- Keep an eye on the water chemistry: As the leaves degrade and tannins are released, keep an eye on the pH levels in your aquarium water. Remove some of the leaves if the pH falls too low.
- Replace the leaves every 2-4 weeks, or whenever they become too decomposed. Old leaves no longer release beneficial compounds and may even pollute water.
- Adjust the quantity: Begin with one or two leaves and observe the water parameters and fish behavior before increasing the quantity.
Freshly fallen leaves are more beneficial than dried leaves because they contain more beneficial compounds. If you have any leftover leaves, store them in a plastic bag in a cool, dry place to prevent mold and bacteria growth.
Before using Indian almond leaves or any other type of supplement, it is critical to research and understand the specific water parameters and needs of the fish and invertebrates in your aquarium. To ensure the safe and appropriate use of Indian almond leaves in your aquarium, consult with an expert, such as a veterinarian, aquarist, or pet store specialist. They can advise on the proper quantity, frequency of replacement, and storage of Indian Almond Leaves, as well as how to monitor the water chemistry and any other potential issues that may arise.
How many catappa leaves do I need?
The number of Indian almond leaves (IAL) to use in an aquarium is determined by several factors, including the aquarium’s size, the types of fish and invertebrates kept, and the desired water chemistry. As a general rule, start with one or two leaves and monitor the water parameters and fish behavior. Then, adjust the quantity as needed. It is critical not to overuse the leaves, as doing so can significantly lower the pH levels and harm the fish and invertebrates.
It is critical to regularly monitor the pH levels of the tank and note any changes that occur as the leaves degrade and release tannins. As a general rule, 1-2 leaves per 10 gallons of water can achieve a pH of around 6-7 and a moderate tannin level. You can add more leaves if you want darker water with a lower pH.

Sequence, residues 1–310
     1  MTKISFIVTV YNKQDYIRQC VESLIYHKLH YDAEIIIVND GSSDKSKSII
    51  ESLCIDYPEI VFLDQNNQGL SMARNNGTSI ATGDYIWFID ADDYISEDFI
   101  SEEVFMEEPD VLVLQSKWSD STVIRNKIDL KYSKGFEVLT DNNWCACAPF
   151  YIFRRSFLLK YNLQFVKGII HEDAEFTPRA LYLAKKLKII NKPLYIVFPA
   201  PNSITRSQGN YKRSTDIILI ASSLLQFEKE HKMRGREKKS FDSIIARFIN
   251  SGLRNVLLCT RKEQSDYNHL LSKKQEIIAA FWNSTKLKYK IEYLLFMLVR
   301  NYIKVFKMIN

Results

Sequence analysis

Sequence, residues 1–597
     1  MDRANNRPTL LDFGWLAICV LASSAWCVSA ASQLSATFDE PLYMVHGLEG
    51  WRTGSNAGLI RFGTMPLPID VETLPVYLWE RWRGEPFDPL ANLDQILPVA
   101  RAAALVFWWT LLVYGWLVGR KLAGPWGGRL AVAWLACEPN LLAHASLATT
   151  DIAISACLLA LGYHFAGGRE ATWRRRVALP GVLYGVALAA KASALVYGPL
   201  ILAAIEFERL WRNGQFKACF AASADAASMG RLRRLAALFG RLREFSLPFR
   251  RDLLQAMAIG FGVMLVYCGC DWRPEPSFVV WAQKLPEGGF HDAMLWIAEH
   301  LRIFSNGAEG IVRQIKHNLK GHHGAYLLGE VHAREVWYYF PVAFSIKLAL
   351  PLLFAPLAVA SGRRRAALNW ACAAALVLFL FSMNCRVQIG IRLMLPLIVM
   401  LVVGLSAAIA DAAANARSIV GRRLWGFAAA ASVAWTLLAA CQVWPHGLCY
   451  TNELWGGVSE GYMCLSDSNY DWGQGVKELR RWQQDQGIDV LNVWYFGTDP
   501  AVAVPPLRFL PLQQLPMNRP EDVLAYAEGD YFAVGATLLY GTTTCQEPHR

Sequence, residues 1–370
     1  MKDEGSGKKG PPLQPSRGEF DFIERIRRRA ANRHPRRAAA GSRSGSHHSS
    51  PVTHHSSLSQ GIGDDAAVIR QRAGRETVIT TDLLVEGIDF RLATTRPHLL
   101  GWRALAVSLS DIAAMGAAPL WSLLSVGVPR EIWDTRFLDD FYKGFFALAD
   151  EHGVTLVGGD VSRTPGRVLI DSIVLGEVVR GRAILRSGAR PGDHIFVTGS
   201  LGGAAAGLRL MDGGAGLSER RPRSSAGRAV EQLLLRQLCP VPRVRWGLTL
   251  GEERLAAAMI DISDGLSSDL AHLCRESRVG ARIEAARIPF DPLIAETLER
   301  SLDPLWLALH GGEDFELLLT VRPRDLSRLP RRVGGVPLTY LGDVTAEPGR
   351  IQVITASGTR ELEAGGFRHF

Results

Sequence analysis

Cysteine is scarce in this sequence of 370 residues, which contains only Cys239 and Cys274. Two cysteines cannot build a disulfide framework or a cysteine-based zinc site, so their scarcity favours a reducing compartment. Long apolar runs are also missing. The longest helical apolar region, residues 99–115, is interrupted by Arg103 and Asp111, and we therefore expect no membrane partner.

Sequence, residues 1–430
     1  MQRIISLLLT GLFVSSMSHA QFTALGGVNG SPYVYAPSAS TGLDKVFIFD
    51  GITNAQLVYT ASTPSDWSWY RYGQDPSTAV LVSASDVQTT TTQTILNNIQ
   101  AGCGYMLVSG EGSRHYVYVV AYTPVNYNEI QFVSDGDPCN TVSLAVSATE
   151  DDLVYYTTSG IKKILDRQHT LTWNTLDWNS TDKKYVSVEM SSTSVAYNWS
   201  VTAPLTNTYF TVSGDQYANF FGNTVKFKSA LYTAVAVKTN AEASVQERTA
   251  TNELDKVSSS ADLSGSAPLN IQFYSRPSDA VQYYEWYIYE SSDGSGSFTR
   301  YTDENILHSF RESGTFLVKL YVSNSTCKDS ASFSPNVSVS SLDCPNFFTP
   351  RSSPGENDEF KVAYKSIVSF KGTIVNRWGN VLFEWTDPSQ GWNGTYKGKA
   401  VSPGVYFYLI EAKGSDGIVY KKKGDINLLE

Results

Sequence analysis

Also, replace the leaves every 2-4 weeks or when they become too decomposed, as old leaves will no longer release beneficial compounds and may even pollute the water.
To ensure that the use of Indian almond leaves is appropriate for your specific aquarium and the species of fish or invertebrates you keep, always consult with an expert or conduct research.
Lastly, catappa leaves, also known as Indian almond leaves, are a popular addition to aquariums for fish and invertebrates that prefer low pH and soft water. They release tannic acid, humic acids, fulvic acids, and other organic compounds with low acidity into the water, which can gradually lower pH levels and promote the health and reproduction of sensitive species like crystal shrimp and certain South American fish. The leaves also have slight antibacterial and antifungal properties, can be used to create a natural, South American biotype or blackwater aquarium, and are an excellent food source for tiny fry and shrimp. It is critical to use the leaves with caution, monitoring pH levels, replacing them on a regular basis, and adjusting the quantity as needed. Consult an expert and do your homework to ensure that the use of Indian almond leaves is appropriate for your aquarium and the species of fish or invertebrates you keep. Thank you for visiting ShrimpPro!